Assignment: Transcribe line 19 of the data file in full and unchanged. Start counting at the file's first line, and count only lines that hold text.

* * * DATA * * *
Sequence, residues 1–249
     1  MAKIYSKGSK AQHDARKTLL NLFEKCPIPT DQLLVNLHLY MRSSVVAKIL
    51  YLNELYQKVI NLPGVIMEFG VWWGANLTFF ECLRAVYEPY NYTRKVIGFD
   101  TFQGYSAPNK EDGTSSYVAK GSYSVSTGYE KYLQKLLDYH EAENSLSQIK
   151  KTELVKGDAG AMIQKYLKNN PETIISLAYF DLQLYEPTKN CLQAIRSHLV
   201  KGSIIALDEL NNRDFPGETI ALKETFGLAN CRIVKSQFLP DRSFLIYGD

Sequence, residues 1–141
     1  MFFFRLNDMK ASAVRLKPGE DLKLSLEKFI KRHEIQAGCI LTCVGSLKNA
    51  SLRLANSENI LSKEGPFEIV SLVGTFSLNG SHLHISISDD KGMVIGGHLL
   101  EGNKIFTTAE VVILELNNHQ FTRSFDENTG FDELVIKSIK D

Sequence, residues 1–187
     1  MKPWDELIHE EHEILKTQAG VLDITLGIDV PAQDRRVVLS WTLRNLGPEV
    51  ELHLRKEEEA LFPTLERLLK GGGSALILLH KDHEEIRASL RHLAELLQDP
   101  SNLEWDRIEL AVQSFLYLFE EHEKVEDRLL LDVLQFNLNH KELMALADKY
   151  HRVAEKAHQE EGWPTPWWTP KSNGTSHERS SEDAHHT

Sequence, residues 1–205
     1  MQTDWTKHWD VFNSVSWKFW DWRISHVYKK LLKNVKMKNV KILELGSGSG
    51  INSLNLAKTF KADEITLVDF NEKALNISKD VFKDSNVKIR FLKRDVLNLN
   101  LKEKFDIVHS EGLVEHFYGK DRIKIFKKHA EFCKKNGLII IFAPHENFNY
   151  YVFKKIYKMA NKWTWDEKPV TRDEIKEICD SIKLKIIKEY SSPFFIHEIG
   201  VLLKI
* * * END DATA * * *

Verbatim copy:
   101  LKEKFDIVHS EGLVEHFYGK DRIKIFKKHA EFCKKNGLII IFAPHENFNY